## § Non examples of algebraic varieties

It's always good to have a stock of non-examples.
#### § Line with hole: Algebraic proof

The set of points $V \equiv \{ (t, t) : t \neq 42, t \in \mathbb R \} \subseteq mathbb R^2$ is not
a variety. To prove this, assume it is a variety defined by equations $I(V)$.
Let $f(x, y) \in I(V) \subseteq \mathbb R[x, y]$. Since $f$ vanishes on $V$, we must
have $f(a, a) = 0$ for all $a \neq 42$ (since $(a, a) \in V$ for all $a \neq 42$).
So create a new function $g(a) \equiv (a, a)$. Now $f \circ g: \mathbb R \rightarrow \mathbb R = f(g(a)) = f(a, a) = 0$.
This polynomial (it is a composition of polynomial, and is thus a polynomial)
has infinitely many zeroes, and is thus identically zero. So, $f(g(a)) = 0$, So $f(a, a) = 0$ for all
$a$. In particular, $f(42, 42) = 0$ for all equations that define $V$, hence $(42, 42) \in I(V)$. But this
does not give us the variety $V$. Hence $V$ is not a variety.
#### § Line with hole: Analytic proof

The set of points $V \equiv \{ (t, t) : t \neq 42, t \in \mathbb R \} \subseteq mathbb R^2$ is not
a variety. To prove this, assume it is a variety defined by equations $I(V)$.
Let $f(x, y) \in I(V) \subseteq \mathbb R[x, y]$. Since $f$ vanishes on $V$, we must
have $f(a, a) = 0$ for all $a \neq 42$ (since $(a, a) \in V$ for all $a \neq 42$).
Since $f$ is continuous, $f$ preserves limits. Thus, $\lim_{x \to 42} f(x, x) = f(\lim_{x \to 42} (x, x))$.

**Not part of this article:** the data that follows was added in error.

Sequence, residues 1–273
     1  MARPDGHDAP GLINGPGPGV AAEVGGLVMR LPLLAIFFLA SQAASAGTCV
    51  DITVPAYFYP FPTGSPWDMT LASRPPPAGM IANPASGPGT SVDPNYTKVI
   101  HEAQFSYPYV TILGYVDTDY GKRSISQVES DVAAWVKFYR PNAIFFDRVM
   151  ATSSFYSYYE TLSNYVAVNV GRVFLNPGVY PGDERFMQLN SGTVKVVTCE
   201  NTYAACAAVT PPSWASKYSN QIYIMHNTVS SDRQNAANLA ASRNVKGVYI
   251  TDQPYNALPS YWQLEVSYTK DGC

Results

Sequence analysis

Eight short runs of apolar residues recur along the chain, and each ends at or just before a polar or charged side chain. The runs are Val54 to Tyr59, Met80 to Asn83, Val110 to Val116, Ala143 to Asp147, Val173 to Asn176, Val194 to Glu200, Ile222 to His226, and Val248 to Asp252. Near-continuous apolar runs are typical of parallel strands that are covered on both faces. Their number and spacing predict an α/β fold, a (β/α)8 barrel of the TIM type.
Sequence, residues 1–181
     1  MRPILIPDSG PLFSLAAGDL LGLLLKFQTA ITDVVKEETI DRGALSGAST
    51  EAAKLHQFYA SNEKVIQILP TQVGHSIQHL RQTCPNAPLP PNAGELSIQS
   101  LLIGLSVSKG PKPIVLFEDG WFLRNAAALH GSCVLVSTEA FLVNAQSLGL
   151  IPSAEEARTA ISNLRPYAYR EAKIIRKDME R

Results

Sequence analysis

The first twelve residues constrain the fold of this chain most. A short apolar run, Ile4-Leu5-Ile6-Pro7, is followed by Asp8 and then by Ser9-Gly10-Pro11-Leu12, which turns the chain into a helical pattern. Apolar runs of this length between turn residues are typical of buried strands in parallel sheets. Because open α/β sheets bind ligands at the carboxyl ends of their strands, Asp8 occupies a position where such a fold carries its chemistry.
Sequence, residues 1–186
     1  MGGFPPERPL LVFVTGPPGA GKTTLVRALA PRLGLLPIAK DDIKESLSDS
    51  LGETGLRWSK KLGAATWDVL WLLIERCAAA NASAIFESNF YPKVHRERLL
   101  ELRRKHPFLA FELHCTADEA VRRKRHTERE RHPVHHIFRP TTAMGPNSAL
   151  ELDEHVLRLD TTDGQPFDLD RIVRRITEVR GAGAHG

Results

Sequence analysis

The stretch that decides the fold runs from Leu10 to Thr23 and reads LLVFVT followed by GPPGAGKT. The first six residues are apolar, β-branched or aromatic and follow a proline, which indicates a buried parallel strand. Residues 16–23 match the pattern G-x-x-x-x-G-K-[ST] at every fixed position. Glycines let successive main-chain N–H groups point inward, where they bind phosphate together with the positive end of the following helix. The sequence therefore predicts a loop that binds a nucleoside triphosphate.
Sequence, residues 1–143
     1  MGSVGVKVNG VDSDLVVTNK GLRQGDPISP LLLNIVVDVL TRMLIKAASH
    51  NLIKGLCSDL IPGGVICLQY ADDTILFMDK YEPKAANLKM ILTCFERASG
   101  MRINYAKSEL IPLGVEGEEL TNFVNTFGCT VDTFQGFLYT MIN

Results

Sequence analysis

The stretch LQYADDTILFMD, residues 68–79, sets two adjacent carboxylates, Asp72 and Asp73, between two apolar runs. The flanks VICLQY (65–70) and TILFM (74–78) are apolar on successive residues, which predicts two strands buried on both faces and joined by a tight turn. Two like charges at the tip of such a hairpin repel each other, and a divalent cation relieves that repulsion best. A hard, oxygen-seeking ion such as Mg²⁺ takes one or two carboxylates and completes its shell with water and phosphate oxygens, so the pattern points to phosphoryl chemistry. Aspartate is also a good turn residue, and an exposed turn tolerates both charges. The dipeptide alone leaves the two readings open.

The left hand side is zero, hence the right hand size must be zero. Thus, $f(42, 42) = 0$.
But this can't be, because $(42, 42) \not \in V$.
#### § $\mathbb Z$

The set $\mathbb Z$ is not an algebraic variety. Suppose it is, and is the zero set
of a collection of polynomials $\{ f_i \}$. Then for some $f_i$, they must vanish on at least
all of $\mathbb Z$, and maybe more. This means that $f_i(z) = 0$ for all $z \in \mathbb Z$. But a
degree $n$ polynomial can have at most $n$ roots, unless it is the zero polynomial.
Since $f_i$ does not have a finite number of roots, $f_i = 0$. Thus, all the polynomials
are identically zero, and so their zero set is not $\mathbb Z$; it is all of $\mathbb R$.
#### § The general story

In general, we are using a *combinatorial* fact that a $n$ degree polynomial has at most $n$ roots.
In some cases, we could have used *analytic* facts about continuity of polynomials, but it suffices
to simply use *combiantorial* data which I find interesting.